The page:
When breaches have occurred, they often aren’t widely known. Some of the credit companies have disclosed security breaches in the quietest way possible—by alerting affected consumers directly, by mail—as required under state breach-disclosure laws, but not issuing wider public statements to consumers or investors.
Bloomberg News reported in 2012 that Experian was breached 86 times via accounts at clients such as banks or auto dealers, with hackers downloading in some cases hundreds of credit reports while the businesses were closed.
The attack reported Thursday is the most high-profile cybersecurity breach since online portal Yahoo announced two separate incidents. Last year, Yahoo, whose web assets were acquired by Verizon Communications Inc. earlier this year, disclosed a 2014 breach that affected at least 500 million customer accounts. A few months later, the company said a 2013 hack siphoned email addresses, scrambled account passwords and dates of birth of as many as 1 billion users.
Financial industry impact
Equifax’s breach will test measures the financial industry has rolled out to prevent thieves from abusing troves of stolen credit-card numbers. A few years ago, banks in the U.S. began embedding computer chips on cards to prevent criminals from forging their own with much simpler magnetic stripes.
The underlying technology—called EMV for founders Europay, MasterCard and Visa—generates new codes for each transaction. The codes on stripes are static, making them susceptible to duplication. Still, stolen card numbers can be useful at cash registers that don’t accept chips or for shopping online.
The Equifax breach also may open the way for another type of fraud called synthetic identity theft. Typically, fraudsters mix stolen Social Security numbers, and potentially other information from the owners, with a borrowed mailing address and apply for new credit cards that they control. Some patient con artists even use the new personas to seek additional credit cards or loans, then max them all out at once, potentially making off with tens of thousands of dollars.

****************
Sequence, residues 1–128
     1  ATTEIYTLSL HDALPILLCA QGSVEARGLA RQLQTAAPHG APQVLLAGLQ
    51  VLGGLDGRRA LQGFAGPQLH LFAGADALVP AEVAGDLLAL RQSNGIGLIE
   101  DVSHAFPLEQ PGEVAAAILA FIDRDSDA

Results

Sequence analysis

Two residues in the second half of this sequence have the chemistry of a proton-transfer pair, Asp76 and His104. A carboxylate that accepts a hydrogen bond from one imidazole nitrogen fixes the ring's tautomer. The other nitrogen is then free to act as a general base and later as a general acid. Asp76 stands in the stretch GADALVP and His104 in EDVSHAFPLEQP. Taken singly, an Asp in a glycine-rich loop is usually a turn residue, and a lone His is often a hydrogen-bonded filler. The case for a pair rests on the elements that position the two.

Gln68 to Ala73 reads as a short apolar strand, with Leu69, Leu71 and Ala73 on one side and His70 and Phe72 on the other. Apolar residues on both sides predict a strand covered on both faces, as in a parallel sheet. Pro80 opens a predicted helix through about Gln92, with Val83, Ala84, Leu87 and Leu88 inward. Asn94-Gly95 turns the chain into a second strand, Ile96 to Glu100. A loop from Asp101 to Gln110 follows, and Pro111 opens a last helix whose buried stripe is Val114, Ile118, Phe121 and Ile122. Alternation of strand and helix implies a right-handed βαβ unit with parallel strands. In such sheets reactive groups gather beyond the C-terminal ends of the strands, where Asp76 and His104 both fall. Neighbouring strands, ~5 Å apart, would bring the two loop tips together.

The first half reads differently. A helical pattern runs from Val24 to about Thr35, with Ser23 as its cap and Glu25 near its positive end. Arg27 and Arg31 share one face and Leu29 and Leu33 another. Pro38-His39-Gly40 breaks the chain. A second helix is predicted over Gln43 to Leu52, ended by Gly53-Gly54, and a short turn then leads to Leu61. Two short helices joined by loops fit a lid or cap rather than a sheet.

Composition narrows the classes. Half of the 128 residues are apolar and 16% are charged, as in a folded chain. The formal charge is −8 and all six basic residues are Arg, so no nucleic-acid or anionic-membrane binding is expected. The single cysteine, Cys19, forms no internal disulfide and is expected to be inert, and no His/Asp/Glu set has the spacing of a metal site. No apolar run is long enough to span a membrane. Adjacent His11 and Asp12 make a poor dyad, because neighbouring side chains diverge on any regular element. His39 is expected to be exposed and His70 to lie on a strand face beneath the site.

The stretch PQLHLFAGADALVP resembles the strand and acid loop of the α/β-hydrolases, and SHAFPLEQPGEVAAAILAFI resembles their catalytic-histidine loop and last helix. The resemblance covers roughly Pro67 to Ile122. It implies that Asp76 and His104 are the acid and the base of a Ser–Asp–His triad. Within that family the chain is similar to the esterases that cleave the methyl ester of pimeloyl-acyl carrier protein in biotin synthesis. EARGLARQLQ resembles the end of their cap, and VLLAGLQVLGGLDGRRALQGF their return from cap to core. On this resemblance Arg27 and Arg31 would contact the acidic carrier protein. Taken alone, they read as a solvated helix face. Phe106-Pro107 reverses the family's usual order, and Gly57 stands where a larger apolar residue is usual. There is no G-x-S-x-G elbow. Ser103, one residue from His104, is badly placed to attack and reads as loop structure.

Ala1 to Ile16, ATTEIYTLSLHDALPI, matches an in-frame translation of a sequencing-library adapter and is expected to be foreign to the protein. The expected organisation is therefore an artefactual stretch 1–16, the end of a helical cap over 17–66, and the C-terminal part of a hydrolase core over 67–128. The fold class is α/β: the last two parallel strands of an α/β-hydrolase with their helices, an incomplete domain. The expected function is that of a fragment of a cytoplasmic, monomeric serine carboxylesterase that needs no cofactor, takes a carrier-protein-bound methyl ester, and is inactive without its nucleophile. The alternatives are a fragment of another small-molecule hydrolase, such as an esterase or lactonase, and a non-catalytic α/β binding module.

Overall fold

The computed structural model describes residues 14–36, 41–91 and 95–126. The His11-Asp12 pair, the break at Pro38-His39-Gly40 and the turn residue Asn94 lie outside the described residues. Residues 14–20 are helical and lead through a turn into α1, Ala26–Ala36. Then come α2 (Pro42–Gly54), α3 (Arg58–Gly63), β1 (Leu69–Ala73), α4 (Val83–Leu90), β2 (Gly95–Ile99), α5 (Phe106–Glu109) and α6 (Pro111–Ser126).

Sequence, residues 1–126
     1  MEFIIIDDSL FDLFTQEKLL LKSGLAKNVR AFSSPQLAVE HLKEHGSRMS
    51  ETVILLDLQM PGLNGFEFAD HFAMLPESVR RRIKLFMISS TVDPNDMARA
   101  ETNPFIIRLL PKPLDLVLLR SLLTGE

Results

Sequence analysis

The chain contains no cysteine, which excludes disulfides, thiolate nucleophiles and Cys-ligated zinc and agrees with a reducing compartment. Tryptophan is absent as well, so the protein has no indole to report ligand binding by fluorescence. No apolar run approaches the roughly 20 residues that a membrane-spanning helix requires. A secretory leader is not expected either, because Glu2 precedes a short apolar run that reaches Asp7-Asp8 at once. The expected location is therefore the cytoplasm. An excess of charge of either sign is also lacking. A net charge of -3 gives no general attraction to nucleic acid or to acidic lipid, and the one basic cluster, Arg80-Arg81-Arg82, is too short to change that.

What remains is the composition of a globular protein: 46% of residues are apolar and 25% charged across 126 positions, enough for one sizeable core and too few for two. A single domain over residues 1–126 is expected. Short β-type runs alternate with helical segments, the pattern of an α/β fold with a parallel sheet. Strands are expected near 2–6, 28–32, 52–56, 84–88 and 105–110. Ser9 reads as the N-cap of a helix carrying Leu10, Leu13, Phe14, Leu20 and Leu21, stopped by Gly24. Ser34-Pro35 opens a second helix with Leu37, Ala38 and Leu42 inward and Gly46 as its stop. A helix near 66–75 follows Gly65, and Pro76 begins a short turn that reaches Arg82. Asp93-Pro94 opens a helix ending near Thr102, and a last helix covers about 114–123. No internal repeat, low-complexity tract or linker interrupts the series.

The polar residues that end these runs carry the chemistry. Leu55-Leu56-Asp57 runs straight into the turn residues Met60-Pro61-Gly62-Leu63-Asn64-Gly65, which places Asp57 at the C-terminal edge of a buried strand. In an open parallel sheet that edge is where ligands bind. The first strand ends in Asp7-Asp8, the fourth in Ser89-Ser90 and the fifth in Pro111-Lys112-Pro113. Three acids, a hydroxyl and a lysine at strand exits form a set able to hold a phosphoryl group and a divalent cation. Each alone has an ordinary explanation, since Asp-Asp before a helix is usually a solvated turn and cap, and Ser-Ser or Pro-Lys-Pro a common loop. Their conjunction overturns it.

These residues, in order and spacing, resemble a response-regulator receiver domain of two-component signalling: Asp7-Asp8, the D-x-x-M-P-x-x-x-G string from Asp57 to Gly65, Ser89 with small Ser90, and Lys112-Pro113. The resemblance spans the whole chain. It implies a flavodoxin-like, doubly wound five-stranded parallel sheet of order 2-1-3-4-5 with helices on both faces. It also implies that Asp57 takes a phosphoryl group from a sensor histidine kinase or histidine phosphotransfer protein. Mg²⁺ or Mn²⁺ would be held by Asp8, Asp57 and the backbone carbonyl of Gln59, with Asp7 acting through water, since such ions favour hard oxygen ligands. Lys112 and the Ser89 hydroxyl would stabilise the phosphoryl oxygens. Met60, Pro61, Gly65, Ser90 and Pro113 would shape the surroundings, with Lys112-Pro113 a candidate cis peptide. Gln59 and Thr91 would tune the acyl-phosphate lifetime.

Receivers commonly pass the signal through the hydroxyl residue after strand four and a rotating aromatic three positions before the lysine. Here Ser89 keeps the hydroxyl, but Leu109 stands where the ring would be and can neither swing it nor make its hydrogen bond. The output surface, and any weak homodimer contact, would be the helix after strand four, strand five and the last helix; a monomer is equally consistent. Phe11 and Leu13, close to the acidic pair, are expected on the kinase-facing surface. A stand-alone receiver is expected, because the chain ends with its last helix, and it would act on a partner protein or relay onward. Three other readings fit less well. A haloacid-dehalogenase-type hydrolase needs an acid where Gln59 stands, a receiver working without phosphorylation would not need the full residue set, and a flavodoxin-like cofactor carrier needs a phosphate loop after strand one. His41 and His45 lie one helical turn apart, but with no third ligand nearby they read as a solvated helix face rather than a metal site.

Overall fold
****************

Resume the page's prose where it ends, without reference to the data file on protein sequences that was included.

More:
Banks typically pick up the cost when thieves abuse stolen card numbers, assuming it’s caught promptly. The expenses can add up fast.
Rising costs of hacks
Over the past four years, financial firms spent an average of $222 per affected customer after suffering breaches, according to a study published by the Ponemon Institute this year for International Business Machines Corp. The tally includes a variety of expenses, covering everything from forensic investigations to customer support hotlines.
The number has been climbing. When releasing the report in June, the authors projected it would reach $245 per customer this year.
Some U.K. and Canadian residents were also affected in the incident reported Thursday. Equifax said it’s working with regulators in both countries. It uncovered the breach on July 29. While the company’s investigation is substantially complete, it remains open and is expected to be completed in coming weeks, Equifax said.
“This is clearly a disappointing event for our company, and one that strikes at the heart of who we are and what we do. I apologize to consumers and our business customers for the concern and frustration this causes,” CEO Richard Smith said.